From “The Missing Girl”
You can see her in your mind’s eye, perky smile dimming, fear dawning in her eyes. Yes, you feel like you know this girl. Just the kind to go missing. Awkward and shy. Inexperienced and eager. Tender, playing brave. Dirt poor. You know. The kind of girl who’ll step right into your car if you call her pretty.
Him you’re not so sure of. Cowboy hat and a Silverado pickup? Baseball cap and a Mustang? Or a Tahoe maybe, black and sprayed with mud. You can’t see his face. He could be anyone, after all. But you can feel the tingle in his groin when he saw her, how his breath must have quickened. You drive this way a lot, wondering where he picked her up, where he took her, what he did, whether she liked it. Eula Johnson.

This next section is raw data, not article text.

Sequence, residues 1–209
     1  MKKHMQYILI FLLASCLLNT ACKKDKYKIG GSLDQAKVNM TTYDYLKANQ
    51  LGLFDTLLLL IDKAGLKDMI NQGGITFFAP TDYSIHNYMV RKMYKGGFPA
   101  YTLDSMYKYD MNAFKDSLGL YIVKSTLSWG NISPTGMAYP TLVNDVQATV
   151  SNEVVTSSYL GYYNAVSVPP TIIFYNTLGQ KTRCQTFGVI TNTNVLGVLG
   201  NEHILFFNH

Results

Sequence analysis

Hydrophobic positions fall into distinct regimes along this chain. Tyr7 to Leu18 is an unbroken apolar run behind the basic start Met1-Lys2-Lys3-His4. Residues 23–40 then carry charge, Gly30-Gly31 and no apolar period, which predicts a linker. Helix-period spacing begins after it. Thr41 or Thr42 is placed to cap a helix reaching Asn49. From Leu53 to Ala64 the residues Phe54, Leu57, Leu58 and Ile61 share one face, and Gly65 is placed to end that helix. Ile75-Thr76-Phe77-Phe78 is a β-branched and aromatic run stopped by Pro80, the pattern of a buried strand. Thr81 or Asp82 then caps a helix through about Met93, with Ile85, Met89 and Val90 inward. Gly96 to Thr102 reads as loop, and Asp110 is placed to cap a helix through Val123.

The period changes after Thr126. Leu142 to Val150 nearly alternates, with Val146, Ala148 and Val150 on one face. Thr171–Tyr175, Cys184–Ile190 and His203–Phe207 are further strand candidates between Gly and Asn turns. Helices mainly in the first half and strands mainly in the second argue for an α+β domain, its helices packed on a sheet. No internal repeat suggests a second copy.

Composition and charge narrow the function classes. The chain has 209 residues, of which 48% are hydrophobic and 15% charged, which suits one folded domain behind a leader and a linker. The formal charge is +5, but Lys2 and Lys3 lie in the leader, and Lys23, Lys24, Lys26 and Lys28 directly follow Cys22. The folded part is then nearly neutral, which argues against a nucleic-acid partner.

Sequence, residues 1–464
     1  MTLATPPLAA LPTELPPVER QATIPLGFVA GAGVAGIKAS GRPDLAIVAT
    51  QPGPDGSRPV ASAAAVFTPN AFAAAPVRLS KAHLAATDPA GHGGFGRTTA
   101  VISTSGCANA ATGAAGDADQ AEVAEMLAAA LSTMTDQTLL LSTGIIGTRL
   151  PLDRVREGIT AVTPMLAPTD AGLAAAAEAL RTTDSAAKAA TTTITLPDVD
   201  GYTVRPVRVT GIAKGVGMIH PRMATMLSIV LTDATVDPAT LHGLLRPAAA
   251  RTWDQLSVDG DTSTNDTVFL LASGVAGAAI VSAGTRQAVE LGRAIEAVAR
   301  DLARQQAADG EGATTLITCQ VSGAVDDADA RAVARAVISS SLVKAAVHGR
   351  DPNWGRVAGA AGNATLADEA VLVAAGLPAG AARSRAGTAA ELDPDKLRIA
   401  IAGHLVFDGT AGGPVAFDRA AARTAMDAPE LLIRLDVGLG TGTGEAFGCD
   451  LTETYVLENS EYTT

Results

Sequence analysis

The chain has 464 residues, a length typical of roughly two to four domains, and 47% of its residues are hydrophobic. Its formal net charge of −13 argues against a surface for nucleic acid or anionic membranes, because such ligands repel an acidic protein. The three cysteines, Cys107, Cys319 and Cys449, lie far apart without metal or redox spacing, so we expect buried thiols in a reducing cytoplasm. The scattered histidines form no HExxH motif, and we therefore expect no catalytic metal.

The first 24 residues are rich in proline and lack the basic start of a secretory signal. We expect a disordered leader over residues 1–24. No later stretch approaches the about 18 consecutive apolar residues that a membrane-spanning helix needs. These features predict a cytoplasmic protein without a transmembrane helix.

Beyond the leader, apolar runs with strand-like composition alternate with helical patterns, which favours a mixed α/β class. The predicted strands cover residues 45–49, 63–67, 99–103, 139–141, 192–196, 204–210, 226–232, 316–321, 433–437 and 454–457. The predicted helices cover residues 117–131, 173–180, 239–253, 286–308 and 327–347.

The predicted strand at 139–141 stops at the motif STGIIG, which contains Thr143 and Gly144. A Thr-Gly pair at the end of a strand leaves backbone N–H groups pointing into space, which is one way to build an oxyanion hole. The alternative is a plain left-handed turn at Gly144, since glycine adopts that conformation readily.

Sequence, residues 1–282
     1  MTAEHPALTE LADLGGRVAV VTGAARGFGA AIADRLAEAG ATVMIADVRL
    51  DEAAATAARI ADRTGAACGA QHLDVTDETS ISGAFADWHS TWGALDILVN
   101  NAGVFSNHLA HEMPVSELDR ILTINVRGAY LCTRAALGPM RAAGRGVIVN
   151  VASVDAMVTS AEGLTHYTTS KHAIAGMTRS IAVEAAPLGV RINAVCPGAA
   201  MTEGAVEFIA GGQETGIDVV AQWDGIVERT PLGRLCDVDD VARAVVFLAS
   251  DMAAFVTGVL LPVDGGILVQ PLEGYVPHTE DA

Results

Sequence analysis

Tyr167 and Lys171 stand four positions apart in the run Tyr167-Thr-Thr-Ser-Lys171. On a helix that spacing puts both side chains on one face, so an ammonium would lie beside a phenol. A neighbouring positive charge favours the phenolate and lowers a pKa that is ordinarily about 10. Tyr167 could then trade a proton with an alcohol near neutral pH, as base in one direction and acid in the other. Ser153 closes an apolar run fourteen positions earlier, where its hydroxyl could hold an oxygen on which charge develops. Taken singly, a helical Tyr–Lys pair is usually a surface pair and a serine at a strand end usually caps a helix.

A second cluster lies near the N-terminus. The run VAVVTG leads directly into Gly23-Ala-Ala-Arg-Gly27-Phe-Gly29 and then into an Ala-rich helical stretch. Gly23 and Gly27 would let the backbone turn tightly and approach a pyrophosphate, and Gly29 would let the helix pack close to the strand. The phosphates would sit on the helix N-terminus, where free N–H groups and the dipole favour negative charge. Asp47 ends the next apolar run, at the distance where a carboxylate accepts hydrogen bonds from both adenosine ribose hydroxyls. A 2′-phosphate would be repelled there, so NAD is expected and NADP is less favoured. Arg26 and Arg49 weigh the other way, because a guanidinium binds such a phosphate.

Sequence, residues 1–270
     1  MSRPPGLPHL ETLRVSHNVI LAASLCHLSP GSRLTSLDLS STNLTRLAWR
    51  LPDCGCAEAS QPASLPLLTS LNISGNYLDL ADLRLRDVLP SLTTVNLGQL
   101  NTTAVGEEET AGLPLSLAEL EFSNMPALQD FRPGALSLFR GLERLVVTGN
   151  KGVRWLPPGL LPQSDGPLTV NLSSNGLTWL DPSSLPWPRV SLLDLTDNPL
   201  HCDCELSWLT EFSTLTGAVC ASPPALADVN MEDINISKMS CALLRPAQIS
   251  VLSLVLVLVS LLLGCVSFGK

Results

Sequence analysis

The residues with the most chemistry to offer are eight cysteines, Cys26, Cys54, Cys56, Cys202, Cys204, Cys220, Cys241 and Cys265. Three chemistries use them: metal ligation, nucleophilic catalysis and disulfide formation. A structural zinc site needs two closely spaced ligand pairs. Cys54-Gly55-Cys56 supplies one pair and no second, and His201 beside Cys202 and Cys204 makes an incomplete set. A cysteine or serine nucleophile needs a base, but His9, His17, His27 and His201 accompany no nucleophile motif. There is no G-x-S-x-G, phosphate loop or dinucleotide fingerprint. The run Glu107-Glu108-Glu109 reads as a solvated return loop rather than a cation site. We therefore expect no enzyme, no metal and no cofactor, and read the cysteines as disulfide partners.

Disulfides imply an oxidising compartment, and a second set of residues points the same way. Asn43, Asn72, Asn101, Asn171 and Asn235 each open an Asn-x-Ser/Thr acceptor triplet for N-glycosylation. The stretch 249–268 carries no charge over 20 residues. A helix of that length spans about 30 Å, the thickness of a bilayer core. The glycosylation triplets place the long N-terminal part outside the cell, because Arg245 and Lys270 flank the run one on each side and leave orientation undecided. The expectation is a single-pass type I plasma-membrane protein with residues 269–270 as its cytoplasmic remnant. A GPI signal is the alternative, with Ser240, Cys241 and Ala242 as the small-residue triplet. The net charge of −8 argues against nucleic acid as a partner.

Jerrold Road is empty today. Birds gather in one of the tall, bare trees by the roadside, jabbering. Dead leaves whirl in the wake of a chilly gust of wind. Yellow grass. Gray sky. Not a car in sight. Just a girl in a gray sweatshirt, hood up against the cold, walking.
Slow way down and hit the button for the passenger window.
Go ahead, say it. “Hey pretty girl, want a lift?”